Let me show you one of the easiest art techniques - really! Since it's already…
New ideas pop into my brain while I’m working on other projects. That’s how this idea was born; when I was working on the burlap Witch. Who would have thought these burlap & leaves concrete bowls would be so easy for great effect!
I have done fabric tests for concrete draping and thought burlap didn’t have much luck. Well, I was pleasantly surprised that it worked so well when I made the Witch Ghoul. The best part was the great texture that it gives. Being an artist/illustrator for decades I know there are many elements of design; texture is one, as well as line, shape, space, colour & pattern. This ticks off a few on the list!
I know there are different burlap types and I am using the kind available for the garden, which has more open space.
What Shape do you like?
You will need some type of shape like a bowl or such to provide the shape for you. I always prefer plastic when working with concrete since it does not stick to it and is mostly flexible. If using metal put a layer of plastic film in between as concrete loves to stick to metal!
The issue with burlap is it sometimes likes to fray. The landscape type does especially fray so I gave it a quick ‘zigzag’ with my sewing machine. If you do not have that option a fine bead of some glue will also suffice. Be sparing though as the concrete will possible repel. The perfect squares will nicely adjust across the form and lay flat since they can stretch diagonally. Test fitting is always good…
The Fun ‘Messy’ part:
In my experience of concrete draping I have come to the conclusion that the sand does not like to get absorbed by the fabric so I do not include sand anymore. I use only regular portland cement ( the active ingredient in most concrete mixes) and it becomes quite a muddy mix with water.
The consistency should be thin enough to be able to get absorbed by the burlap and not run off too much. You can dampen your fabric first but I often don’t. I may use a slightly runnier consistency like ‘melted ice cream’ and really work it into the fibre. If the burlap ‘steals’ the water from the mix then add a touch more. Make sure the slurry is getting into every fibre…
Knead it, squeeze and knead some more. Remember those mud-pies as a child?! If there are any parts that do not get the mx they will end up ‘soft’ later.
The Shaping and Texture:
Since I am using the burlap for the texture I do not want it all clogged up with the slurry. I squeeze excess out gently and also have an old paint brush handy to even out the texture in between the fibres. I even like to brush out the fringes… It almost looks like hand-woven fabric.
Adding some leaves (of course)
I’ve been known to some as the crazy ‘leaf lady’ since I can be seen bent over picking up leaves of all types. These ones are not that dear to me since they are an invasive specie in Ontario; Buckthorn. I like the simple shape but good vein definition on the underside. I have used these often for my concrete leaf projects like the Faux Bois chair and Lacy Leaf Circles.
The Special leaves:
Once the bowl shapes have cured nicely (keep damp for stronger finished strength) you can add the leaves. Pop the shapes off the forms carefully. If you think they are too fragile or soft you can mix a thinner Portland cement slurry and paint it on the bowls to make them stronger.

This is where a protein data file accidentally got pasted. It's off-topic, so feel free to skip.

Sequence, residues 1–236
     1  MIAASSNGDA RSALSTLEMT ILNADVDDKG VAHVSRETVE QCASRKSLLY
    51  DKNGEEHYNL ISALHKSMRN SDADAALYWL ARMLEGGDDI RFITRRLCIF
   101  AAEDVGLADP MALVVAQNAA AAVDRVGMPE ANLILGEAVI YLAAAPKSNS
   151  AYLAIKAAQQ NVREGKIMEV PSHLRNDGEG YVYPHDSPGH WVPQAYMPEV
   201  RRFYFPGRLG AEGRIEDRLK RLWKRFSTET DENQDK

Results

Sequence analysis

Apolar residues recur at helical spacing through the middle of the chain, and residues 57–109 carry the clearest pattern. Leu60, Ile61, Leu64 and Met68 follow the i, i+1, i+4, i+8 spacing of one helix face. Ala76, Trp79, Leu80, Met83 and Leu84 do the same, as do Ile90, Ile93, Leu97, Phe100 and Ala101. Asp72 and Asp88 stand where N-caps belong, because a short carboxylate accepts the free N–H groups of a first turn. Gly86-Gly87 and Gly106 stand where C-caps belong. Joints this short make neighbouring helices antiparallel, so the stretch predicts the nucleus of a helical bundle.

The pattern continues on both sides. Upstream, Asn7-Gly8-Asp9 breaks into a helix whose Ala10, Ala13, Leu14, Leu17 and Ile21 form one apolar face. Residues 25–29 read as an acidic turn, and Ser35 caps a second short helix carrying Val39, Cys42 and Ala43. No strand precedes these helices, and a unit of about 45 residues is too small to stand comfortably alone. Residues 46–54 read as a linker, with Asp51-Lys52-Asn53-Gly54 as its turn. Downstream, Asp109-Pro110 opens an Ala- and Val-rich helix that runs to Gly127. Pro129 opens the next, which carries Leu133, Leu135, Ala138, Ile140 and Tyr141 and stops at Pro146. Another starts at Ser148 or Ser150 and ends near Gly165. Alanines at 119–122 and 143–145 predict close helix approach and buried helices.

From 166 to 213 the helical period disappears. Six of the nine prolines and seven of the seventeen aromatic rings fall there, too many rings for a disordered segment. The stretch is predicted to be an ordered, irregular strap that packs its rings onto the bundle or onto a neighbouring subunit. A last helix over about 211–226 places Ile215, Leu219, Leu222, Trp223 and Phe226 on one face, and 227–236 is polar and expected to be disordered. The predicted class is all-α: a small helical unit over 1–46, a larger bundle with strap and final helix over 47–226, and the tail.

The concrete that I use for the leaves is Rapidset Cementall. It is like an instant concrete mix. It starts to set quite quickly and is very hard after 1 hour. To get it to a workable consistency mix it to a sour cream consistency and wait a minute. It will then be more moldable. Plop some onto the back of a leaf and then start to place your design on the bowl which have been dampened. Any ‘new’ addition to ‘older’ concrete should have it well dampened so it does not ‘steal’ the moisture from the new concrete. The concrete does not stick to the leaves so no mold release is needed.
You can plan to reinforce the edges or be completely unique and asymmetrical with the placement. I made a few versions of different designs. The leaves can be added to the inside or the outside, or both.
This one has the leaves inside & out and is quite nicely finished at the edges.
Take a close look at the textures, how amazingly well they go together. The Rapidset Cementall is a very fine mix with no aggregate, and it is really much stronger than the usual concrete so it can be quite thin. Do not mix too much at a time as it will harden quickly, but that is also what I love about it.
I would say these are all about texture! I especially like the way the burlap is not solid and lets some light through. The contrasts of nature-made and man-made textures is also very interesting.
But is it strong?
Well, the ones I made are really stiff for how thin they are. They are not soft at all but they would need to be treated similarly to how you would treat glass. You can’t throw them around! I would say these are statement pieces. The rustic texture pairs well with live edge or contrasts to sleek modern decor. I did not put any feet as I like the option of possibly placing them on an angle and I do not like being too conventional!
As for weathering outdoors, I think they would withstand the elements as long as they are not wet for lengths of time. The Witch ghoul has been happily sitting on a stump through our canadian climate with no ill effects. The only issue with the bowls is that they may hold water, which can lead to freezing and cracking. Either invert them or take them in. I plan to use as ornamental bowls mostly indoors.
The Burlap & Leaves Concrete Bowls finish:
This is how I have finished some of them and a new post to explain the best way to paint concrete. In the mean time, dream up some designs of your own. Enjoy the start of summer and take time to look at the leaves.